Publication Date

December 1, 2004

Perspectives Section

AHA Annual Meeting


Women, Gender, & Sexuality

When we visualize the history of the Pacific Northwest, we can quickly reconstruct the roles that men played. Early explorers, trappers, missionaries, traders, Indian chiefs, loggers, sailors, pioneer farmers, miners, businessmen, aeronautical engineers, and Microsofties—all these leap easily to mind. Women are conspicuously absent from the colorful pictures that rise before us. Yet this omission distorts the truth. The bias that has dismissed women’s varied and critical contributions to Puget Sound history begs for correction. AHA visitors to Seattle may welcome some brief background on the names and places, as well as bibliography on the individuals and women’s groups that shaped the area’s history.

Seattle has lost many of its architectural reminders of women’s contribution to its history, such as its Florence Crittenden Home for Fallen Women; suffrage headquarters; the Junior League Thrift Store; the Woman’s Exchange, which sold articles made by housebound women; and the original Nordstrom store. Still, the city is sprinkled with many reminders of women’s past. An impressive YWCA remains downtown. Harborview Hospital’s early nurses’ dormitories still stand, as does the Sisters of Providence retirement home, the Frye Museum exhibiting the art collection of Charles and Emma Frye, the American Indian basket collection of Caroline Burke at the Burke Museum, the Neighborhood (Settlement) House founded by the Council of Jewish Women for immigrants to the city, and the Lakeview Cemetery grave of Princess Angeline, daughter of Chief Sealth, for whom the city is named. More recently, the Museum of Flight memorializes the multitude of Rosie the Riveters who built Boeing aircraft during World War II.

While men outnumbered women in the region until the 1930s, women’s mark on development reaches deep into Pacific Northwest history. Sacajawea’s participation in the Lewis and Clark Expedition and Narcissa Whitman’s missionary exploits, however well known, represent only a fraction of women’s western history. Mother Joseph, the French Canadian Roman Catholic missionary, has been designated the first architect in the Northwest, thanks to the multitude of schools, hospitals, and social service agencies she and her Sisters of Providence founded in the mid-19th century. One of her Providence Hospitals, now considerably larger, sits on First Hill (or “Pill Hill”) above downtown Seattle. A distinguished social service tradition has carried on through the Ryther Home for orphans, now the Ryther Child Care Center. Children’s (Orthopedic) Hospital, founded in 1907 by Anna Clise, is still supported by a state wide network of fund raising guilds. “Children’s” has always had an all-woman board and, until the 1980s, a woman as chief administrator.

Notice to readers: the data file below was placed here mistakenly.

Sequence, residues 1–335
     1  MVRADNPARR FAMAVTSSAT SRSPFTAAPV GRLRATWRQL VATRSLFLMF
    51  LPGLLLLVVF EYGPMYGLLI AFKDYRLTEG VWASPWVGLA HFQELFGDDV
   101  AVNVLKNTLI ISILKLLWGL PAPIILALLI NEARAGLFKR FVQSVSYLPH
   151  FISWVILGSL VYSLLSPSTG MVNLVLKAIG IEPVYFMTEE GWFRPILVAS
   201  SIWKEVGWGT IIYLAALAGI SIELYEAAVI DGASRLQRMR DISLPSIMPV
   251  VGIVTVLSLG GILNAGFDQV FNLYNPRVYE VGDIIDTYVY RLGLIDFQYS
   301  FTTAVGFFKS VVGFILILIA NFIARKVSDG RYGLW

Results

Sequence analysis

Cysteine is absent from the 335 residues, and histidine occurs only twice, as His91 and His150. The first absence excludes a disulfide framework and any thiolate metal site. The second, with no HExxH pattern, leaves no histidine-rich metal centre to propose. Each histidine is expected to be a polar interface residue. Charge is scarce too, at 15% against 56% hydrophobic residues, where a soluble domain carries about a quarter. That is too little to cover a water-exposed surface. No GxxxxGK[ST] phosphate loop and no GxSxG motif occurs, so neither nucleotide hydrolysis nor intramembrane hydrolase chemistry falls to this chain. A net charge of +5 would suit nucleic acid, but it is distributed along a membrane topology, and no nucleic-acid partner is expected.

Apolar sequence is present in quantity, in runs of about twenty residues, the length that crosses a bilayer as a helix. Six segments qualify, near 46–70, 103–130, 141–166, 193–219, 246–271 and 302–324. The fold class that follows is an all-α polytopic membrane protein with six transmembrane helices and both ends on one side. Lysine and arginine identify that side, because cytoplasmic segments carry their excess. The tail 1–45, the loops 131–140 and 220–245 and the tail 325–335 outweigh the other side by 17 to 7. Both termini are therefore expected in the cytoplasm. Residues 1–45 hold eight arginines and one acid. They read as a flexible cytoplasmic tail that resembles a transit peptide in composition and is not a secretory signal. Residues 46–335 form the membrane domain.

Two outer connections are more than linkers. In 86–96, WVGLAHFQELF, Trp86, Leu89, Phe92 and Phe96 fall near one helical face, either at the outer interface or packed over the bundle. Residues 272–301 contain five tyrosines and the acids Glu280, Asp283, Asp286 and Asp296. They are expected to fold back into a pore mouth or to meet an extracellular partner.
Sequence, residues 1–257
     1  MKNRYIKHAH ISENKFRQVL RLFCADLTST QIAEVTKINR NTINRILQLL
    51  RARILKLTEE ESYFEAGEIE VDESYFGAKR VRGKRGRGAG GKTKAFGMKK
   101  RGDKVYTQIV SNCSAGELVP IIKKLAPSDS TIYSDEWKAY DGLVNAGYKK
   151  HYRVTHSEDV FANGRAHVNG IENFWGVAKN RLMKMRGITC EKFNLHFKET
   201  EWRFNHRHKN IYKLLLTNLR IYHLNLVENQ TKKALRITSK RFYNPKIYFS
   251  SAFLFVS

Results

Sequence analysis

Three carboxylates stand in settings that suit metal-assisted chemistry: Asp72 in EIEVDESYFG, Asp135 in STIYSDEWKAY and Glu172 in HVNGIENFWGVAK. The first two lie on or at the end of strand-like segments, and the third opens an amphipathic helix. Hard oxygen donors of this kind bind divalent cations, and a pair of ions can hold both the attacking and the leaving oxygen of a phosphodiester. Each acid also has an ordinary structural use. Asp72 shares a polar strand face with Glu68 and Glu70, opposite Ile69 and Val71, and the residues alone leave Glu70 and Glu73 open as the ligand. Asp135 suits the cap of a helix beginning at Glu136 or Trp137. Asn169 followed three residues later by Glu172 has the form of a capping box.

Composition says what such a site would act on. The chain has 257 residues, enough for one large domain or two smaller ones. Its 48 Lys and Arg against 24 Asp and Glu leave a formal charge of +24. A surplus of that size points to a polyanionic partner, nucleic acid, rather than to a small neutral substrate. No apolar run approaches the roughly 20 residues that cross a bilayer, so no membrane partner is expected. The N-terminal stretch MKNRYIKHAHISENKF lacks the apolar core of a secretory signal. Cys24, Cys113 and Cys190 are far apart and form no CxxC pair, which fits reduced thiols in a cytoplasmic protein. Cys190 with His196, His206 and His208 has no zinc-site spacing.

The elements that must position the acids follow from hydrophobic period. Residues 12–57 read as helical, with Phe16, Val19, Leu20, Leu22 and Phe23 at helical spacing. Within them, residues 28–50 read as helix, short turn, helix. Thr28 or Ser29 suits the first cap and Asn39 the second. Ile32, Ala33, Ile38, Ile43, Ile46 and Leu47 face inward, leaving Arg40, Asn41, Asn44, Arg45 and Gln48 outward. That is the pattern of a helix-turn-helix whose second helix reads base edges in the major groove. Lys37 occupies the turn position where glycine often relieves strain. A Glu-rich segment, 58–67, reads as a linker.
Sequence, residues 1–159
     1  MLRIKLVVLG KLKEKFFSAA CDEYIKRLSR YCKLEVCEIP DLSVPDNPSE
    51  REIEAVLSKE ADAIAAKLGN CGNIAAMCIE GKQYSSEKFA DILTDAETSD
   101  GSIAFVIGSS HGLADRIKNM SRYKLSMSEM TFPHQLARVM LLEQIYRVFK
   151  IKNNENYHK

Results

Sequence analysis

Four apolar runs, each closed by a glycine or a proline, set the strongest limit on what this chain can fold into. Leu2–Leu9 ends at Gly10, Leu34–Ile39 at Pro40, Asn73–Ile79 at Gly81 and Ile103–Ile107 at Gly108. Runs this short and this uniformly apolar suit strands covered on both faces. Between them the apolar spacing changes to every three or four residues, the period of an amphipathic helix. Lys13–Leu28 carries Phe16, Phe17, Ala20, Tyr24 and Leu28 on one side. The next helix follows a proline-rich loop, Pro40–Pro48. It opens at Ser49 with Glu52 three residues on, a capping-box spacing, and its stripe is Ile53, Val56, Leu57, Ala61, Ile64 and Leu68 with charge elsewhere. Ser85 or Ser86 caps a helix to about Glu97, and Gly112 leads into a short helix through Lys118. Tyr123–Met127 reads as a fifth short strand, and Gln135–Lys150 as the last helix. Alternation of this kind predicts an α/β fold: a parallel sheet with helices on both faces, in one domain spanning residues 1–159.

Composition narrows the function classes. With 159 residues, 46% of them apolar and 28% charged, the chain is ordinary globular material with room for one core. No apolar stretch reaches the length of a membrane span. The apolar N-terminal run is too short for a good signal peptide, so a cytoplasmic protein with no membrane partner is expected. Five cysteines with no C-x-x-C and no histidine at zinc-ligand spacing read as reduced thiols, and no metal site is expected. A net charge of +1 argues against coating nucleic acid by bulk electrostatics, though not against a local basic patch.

Seattle also had many active women’s clubs, whose legacy remains all over the city: in the Woman’s Century Club (now the Harvard Exit Movie Theatre) on Capitol Hill, founded by Carrie Chapman Catt; its across-the-street neighbor, the Daughters of the American Revolution meeting place, which is a replica of George Washington’s Mount Vernon; and the regular Seattle Ladies Musical Club musicales at the Seattle Public Library and Seattle Art Museum.

The early fight for suffrage distinguished Washington state, where women voted in the Territorial Era (1883–87). Washington became the fifth state in the nation to grant enfranchisement in 1910. Rebecca Mead’s new book, How the Vote Was Won, devotes several chapters to the story, including the combat over strategy between local suffrage clubs played out at the Alaska-Yukon-Pacific Exposition in 1909 (now the site of the University of Washington Seattle). There, the feisty May Arkwright Hutton battled the lady-like Emma Smith DeVoe for control of the campaign for women’s enfranchisement. Their tactics so embarrassed the National American Woman Suffrage Association that both camps were evicted from the national convention at the fair. Once Seattle women had the vote in hand, however, they united behind a woman candidate for city leadership. In 1926, Seattle became the first large American city to elect a woman mayor, Bertha Knight Landes. She honed her leadership credentials in the woman’s club movement and tried to effect a woman’s platform, including honesty in the police department and modesty in the dancehalls of Pioneer Square. Her efforts to oppose private power interests and enforce Prohibition laws proved unpopular, however, and she was not re-elected for a second term.